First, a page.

If you’re curious to know how investors, customers, or observers can tell when a company might be hitting a big fat divot instead of pulling off a successful pivot, here is a light-hearted look at rules of the road for detecting divots, hopefully before they become actual disasters. Excuse my corruption of comedian Jeff Foxworthy’s well-known shtick, “You might be a redneck if…”:
You might hit a big fat divot if you fake a category or business model pivot, as when companies “cloud-wash” their on-premise or hosted products without delivering the actual benefits of a true cloud architecture or Xaas business model.
You might hit a big fat divot if you invest in a market strategy based on core competencies that are not differentiating or that customers don’t care about. One example might be providing personalized cloud services provisioning that has been neutralized by automation provided by a competing vendor.
You might hit a big fat divot if you target an ill-defined target market segment without specifying the business problem that you intend to help customers solve, or specifying how you can solve the problem differently and better than your reference competition. One example might be a decision to target the “Top 500” financial services, healthcare, or retail organizations in a number of geographical regions, without also defining a specific painful broken process that you know they have been unable to solve to date, instead emphasizing the virtues of your product or platform.
You might hit a big fat divot if you rely on alliance or channel partners to sell your offering before you have obtained a critical mass of end-customers through your own marketing and sales efforts. Startups and other young companies fall victim to this fundamental mistake every day of the week. Unfortunately, even the smartest of partners can’t divine what your product can do for their customers until your positioning is clearly differentiated against your competitors, and you provide a proven sales and implementation playbook as well as training and certification – all of which you develop and refine during the process of serving a set of your own customers first.
You might hit a big fat divot if you market your product as a “platform” before customers have adopted your offering or acknowledged that it has become an important element in their IT infrastructure. The number of young and established companies that make this mistake these days is too great to count.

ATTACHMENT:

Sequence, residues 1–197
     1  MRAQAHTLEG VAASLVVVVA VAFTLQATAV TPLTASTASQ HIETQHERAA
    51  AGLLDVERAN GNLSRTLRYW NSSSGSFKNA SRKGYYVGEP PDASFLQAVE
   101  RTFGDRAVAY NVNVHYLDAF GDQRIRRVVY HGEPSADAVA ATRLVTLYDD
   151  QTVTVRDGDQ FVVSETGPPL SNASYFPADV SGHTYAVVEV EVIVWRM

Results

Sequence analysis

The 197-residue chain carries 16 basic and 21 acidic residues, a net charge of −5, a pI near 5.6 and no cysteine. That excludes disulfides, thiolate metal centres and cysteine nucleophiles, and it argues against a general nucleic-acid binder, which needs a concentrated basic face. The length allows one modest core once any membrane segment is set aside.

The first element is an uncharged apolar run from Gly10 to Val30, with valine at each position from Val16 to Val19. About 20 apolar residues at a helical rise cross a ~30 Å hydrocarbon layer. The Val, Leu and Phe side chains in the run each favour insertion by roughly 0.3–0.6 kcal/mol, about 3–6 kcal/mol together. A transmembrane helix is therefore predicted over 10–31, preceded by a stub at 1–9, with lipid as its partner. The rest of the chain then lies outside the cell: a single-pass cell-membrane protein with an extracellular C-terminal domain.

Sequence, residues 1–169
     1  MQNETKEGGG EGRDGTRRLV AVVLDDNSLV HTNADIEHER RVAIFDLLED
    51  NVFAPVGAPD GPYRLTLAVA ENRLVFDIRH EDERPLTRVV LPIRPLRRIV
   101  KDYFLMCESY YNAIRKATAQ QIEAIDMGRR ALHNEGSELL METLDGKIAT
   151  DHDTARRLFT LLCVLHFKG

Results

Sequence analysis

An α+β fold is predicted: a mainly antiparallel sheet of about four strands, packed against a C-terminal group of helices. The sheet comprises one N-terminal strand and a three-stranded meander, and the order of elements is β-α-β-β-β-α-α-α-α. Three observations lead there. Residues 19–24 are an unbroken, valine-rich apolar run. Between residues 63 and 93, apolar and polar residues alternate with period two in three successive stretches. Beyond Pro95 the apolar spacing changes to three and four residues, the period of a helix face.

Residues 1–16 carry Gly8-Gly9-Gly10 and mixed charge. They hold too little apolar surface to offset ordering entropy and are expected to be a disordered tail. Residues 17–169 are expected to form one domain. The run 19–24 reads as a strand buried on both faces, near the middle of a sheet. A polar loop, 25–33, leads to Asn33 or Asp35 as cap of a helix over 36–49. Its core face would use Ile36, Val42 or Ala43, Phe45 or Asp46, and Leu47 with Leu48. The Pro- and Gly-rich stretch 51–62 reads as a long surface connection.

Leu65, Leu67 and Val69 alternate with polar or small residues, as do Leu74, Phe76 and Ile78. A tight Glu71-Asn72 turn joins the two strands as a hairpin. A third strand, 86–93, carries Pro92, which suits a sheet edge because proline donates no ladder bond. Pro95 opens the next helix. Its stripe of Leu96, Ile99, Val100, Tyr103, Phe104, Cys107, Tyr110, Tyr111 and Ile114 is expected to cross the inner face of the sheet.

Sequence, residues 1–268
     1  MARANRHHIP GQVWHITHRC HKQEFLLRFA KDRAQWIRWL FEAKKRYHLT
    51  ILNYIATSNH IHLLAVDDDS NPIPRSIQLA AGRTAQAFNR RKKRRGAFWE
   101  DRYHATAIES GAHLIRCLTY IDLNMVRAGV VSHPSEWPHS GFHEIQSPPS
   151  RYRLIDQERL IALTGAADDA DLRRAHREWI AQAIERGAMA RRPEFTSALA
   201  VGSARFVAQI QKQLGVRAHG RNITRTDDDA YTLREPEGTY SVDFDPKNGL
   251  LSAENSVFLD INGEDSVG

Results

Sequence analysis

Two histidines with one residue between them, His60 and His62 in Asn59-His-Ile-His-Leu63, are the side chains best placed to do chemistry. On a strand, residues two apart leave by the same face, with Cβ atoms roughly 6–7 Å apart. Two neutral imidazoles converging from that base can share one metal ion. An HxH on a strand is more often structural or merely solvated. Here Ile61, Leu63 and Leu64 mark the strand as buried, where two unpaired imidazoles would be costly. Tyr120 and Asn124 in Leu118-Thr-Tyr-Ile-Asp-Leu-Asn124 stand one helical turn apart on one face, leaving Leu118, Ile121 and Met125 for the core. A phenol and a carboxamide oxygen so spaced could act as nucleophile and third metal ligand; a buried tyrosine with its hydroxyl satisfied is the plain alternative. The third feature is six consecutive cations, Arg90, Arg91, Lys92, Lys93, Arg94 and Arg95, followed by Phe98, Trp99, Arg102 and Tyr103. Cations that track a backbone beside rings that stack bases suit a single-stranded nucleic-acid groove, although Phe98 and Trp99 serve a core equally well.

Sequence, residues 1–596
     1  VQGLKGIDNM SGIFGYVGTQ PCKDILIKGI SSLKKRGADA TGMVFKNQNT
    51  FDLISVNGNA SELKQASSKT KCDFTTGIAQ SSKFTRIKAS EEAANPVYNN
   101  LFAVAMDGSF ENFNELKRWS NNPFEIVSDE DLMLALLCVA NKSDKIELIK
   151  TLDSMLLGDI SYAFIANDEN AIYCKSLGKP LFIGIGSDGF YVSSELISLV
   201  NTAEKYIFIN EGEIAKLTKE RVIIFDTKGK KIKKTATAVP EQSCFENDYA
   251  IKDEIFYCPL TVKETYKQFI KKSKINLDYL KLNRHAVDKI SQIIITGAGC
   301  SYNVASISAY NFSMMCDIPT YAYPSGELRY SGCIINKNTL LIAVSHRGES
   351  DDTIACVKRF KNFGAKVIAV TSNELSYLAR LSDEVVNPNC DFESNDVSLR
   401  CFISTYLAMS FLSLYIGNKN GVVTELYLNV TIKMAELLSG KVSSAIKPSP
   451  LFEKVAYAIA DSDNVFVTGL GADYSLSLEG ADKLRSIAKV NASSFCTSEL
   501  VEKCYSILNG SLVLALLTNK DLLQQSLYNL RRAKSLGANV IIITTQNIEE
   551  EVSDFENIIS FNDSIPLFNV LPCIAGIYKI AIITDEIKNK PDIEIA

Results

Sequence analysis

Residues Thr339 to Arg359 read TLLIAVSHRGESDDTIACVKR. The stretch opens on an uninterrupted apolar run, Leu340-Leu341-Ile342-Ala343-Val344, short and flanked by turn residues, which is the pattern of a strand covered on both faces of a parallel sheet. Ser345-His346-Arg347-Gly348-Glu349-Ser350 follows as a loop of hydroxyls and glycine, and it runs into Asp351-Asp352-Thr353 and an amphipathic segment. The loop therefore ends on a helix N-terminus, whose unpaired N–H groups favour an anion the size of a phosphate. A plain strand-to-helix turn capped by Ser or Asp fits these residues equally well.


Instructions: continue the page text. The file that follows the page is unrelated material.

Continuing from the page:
Successful pivots can arise from one or more deep and unique insights into a market opportunity that others have not perceived or been able to take advantage of, or a differentiating problem-solving capability in your products or services. Such was the case with Apple’s bold and surprisingly successful pivot from laptops into MP3 music players – one deep insight being that if Apple could apply its differentiated device design expertise to dramatically improve the form factor of an MP3 to fit in your pocket. In this case a critical complementary insight was that Apple could see a chance of rescuing the MP3 category from legal oblivion (remember the Napster lawsuits?) and the music industry from widespread piracy by negotiate a ground-breaking revenue-sharing agreement with major record labels whereby they would get paid a significant portion of the 99c that Apple would charge for each song purchased on its new iTunes store. One example to the contrary was HTC’s attempted pivot from being an outsourced design manufacturer (ODM) to become a major smartphone brand (unfortunately for HTC, this pivot has failed after a promising start six or seven years ago). Blackberry’s recently announced business model pivot from being a mobile email/smartphone device maker to becoming an email software services provider is an example of an attempted pivot based on a strong fulcrum (i.e., its enterprise-grade email service and security expertise) but undertaken too late, when others such as Android and iOS have largely caught up. Thus the jury is still out as to whether this will prove to be a pivot or a divot.